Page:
Traditionally, a backsplash is a strip of tiles between the bottom and top rows of kitchen cabinets. The standard height is 60 centimeters. It seems that everything is simple and logical. But there are kitchen aprons that don’t end with just such a stripe. Our advice site will show them to you.
This is what a typical kitchen apron looks like – everything is smooth, under the ruler, no height differences. It is clear that it is easier to calculate the number of tiles on such a surface, as the portal wrote about. Such a finish always has a beginning and an end, given by the dimensions of the kitchen cabinets and the long wall. However, kitchens do not always look so traditional..
Most often, the presence of a hood forces the owners to raise the height of the kitchen apron trim. This area must be protected from stains that are inevitable when cooking on the stove. And the tile is raised either to the level of the hood, or generally to the ceiling, revealing the entire surface behind the pipe leading to the ventilation. It all depends on which kitchen hood was chosen. Laying the tiles to the ceiling behind the hood is, of course, additional costs. But you can get an interesting decorative effect, highlight this area, for example, a panel or tiles of a different color and size.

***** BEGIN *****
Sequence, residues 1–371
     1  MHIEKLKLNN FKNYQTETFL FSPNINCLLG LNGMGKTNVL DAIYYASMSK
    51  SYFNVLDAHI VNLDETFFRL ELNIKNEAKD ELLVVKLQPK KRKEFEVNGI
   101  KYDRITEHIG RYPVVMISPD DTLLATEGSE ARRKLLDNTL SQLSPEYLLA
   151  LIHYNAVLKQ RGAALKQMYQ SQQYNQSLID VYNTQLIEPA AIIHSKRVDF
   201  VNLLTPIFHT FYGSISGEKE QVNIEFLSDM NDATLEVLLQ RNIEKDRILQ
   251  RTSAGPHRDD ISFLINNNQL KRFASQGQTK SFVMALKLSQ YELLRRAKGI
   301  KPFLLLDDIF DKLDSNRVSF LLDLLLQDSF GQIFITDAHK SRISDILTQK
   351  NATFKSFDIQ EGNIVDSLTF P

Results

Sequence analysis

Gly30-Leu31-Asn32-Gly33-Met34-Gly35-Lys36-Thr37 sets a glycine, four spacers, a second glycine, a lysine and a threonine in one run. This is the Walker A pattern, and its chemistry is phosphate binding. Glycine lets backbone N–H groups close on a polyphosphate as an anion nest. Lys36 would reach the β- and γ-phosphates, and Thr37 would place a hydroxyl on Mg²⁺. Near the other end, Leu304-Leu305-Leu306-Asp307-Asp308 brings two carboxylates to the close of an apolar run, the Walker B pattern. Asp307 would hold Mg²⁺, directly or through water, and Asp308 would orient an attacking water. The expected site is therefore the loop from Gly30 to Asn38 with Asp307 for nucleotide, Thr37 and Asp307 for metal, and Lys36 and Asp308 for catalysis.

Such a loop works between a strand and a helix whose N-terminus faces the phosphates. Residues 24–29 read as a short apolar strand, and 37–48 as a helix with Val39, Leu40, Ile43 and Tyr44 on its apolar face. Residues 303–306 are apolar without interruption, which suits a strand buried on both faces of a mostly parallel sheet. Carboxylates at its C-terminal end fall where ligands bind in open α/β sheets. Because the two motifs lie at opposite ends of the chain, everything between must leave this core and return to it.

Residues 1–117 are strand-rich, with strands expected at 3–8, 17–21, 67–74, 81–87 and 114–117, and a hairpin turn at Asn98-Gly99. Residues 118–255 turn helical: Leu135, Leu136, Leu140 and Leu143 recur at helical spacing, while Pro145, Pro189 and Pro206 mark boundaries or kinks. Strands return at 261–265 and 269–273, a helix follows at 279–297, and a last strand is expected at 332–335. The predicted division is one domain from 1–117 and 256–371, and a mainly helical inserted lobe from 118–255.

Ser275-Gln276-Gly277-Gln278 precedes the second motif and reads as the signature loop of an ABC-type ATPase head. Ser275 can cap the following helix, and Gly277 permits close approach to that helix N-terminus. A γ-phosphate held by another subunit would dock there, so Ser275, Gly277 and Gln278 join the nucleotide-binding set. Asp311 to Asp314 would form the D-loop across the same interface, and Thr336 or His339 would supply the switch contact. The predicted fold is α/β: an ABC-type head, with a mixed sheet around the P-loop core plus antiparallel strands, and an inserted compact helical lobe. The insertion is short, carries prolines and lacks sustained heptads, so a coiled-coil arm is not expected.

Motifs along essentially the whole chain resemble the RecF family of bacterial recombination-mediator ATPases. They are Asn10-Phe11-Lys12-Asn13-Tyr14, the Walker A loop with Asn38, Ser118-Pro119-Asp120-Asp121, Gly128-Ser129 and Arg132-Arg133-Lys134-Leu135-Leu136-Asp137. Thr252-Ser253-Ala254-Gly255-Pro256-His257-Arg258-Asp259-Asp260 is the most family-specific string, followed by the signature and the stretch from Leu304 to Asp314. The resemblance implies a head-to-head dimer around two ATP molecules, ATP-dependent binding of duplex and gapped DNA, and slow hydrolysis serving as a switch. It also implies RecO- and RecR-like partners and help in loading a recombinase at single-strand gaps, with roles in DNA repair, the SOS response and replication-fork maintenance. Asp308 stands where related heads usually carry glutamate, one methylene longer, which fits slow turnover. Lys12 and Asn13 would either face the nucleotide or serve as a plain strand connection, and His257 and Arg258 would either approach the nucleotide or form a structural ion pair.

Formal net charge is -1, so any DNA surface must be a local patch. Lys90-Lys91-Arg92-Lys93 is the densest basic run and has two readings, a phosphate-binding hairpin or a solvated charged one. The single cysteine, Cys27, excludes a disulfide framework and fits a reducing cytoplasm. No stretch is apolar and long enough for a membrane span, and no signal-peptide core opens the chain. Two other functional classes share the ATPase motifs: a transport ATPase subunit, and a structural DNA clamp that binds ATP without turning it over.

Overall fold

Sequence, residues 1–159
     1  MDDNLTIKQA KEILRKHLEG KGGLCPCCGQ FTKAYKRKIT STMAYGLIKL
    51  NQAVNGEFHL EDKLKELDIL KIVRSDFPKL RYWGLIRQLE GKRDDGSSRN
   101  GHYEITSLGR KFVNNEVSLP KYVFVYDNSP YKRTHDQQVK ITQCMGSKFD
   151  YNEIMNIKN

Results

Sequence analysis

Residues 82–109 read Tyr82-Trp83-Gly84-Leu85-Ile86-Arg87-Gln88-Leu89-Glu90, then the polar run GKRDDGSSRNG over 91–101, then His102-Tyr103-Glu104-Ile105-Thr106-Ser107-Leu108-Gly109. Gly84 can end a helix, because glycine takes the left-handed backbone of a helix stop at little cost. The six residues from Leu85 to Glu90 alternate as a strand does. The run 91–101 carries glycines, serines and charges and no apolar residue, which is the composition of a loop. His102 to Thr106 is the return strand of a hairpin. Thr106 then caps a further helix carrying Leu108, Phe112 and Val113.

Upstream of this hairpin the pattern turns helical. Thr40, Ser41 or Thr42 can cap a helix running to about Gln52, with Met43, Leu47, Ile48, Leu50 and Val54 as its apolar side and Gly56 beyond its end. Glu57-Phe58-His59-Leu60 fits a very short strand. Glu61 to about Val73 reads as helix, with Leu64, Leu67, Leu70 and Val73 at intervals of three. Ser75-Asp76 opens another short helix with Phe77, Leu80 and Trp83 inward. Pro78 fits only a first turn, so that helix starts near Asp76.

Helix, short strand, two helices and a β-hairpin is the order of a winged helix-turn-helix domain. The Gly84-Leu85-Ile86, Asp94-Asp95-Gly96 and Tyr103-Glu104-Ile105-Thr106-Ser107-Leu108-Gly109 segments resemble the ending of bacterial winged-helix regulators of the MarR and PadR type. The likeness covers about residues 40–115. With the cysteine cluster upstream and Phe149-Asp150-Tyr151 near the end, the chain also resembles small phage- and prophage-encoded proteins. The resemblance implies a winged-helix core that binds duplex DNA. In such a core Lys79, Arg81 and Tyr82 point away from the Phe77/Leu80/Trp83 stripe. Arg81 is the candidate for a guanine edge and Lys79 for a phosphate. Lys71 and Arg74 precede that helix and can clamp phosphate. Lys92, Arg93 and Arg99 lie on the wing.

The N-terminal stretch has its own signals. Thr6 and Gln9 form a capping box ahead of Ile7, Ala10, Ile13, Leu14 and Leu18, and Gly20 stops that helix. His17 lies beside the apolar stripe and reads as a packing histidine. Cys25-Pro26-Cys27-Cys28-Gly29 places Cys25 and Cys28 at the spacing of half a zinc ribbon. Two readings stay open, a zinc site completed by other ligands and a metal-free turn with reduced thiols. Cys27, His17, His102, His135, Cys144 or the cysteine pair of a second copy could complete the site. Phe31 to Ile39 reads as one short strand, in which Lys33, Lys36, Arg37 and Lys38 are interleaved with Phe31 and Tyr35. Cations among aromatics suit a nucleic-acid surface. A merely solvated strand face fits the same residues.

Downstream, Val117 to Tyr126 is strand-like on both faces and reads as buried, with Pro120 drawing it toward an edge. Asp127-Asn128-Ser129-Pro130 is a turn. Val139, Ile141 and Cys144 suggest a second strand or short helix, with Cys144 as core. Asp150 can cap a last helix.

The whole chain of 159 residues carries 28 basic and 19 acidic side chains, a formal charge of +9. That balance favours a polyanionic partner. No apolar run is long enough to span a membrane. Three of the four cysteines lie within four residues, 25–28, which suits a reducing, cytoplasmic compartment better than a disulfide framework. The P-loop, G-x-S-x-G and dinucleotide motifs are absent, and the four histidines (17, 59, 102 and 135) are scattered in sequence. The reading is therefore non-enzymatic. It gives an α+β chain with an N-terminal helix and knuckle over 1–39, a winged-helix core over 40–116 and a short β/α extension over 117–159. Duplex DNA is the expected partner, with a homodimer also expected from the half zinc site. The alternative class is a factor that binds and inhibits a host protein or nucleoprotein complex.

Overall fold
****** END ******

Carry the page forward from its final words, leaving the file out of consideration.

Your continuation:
One of the fashion trends today is the rejection of the upper row of cabinets in the kitchen. They are replaced with open shelves. And again, the owners in this case have two options:
- Economical. The tile on the kitchen backsplash reaches strictly to the first shelf.
- Practical. Tiles rise up behind shelves, protecting the wall from dirt.
In narrow kitchens, when the furniture runs in two rows, the apron does not have to be the same height. It is possible that there will be no upper cabinets on one of the walls either. Using the same tiles on opposite walls will unify the space, so sticking to the same height principle is optional.
Another good reason to abandon the traditional kitchen backsplash is the presence of a window in the kitchen. You can economically tile only a part of the working area up to the window sill, or you can extend the apron to the ceiling, framing the entire window with trim and running it on the slopes. Choosing, of course, to the owners, a lot depends on the repair budget.
A kitchen apron made of tiles may not have clear boundaries at all, in some places go to adjacent walls, a column, be uneven, going onto the upper part of the wall in the form of small inclusions … The choice of options is great and it is not necessary to stop at the traditional flat strip.